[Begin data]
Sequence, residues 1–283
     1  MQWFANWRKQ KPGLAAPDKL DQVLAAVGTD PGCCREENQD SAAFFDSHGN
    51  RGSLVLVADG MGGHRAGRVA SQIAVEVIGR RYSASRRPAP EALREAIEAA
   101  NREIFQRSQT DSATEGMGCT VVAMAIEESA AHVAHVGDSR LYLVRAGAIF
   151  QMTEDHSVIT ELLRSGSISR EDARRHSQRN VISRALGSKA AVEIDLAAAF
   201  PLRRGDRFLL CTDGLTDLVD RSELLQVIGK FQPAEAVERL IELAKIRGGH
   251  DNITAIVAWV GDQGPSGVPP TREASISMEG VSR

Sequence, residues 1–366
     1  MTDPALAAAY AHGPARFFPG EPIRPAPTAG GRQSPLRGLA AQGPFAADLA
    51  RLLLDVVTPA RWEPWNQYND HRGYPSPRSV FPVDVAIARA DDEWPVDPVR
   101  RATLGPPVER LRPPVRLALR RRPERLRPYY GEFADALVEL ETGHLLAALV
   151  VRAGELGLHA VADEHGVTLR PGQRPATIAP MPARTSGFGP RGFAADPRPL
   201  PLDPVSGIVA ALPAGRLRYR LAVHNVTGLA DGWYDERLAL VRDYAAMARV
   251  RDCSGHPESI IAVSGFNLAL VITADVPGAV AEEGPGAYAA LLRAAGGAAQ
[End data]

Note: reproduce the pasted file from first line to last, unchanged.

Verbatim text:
Sequence, residues 1–283
     1  MQWFANWRKQ KPGLAAPDKL DQVLAAVGTD PGCCREENQD SAAFFDSHGN
    51  RGSLVLVADG MGGHRAGRVA SQIAVEVIGR RYSASRRPAP EALREAIEAA
   101  NREIFQRSQT DSATEGMGCT VVAMAIEESA AHVAHVGDSR LYLVRAGAIF
   151  QMTEDHSVIT ELLRSGSISR EDARRHSQRN VISRALGSKA AVEIDLAAAF
   201  PLRRGDRFLL CTDGLTDLVD RSELLQVIGK FQPAEAVERL IELAKIRGGH
   251  DNITAIVAWV GDQGPSGVPP TREASISMEG VSR

Sequence, residues 1–366
     1  MTDPALAAAY AHGPARFFPG EPIRPAPTAG GRQSPLRGLA AQGPFAADLA
    51  RLLLDVVTPA RWEPWNQYND HRGYPSPRSV FPVDVAIARA DDEWPVDPVR
   101  RATLGPPVER LRPPVRLALR RRPERLRPYY GEFADALVEL ETGHLLAALV
   151  VRAGELGLHA VADEHGVTLR PGQRPATIAP MPARTSGFGP RGFAADPRPL
   201  PLDPVSGIVA ALPAGRLRYR LAVHNVTGLA DGWYDERLAL VRDYAAMARV
   251  RDCSGHPESI IAVSGFNLAL VITADVPGAV AEEGPGAYAA LLRAAGGAAQ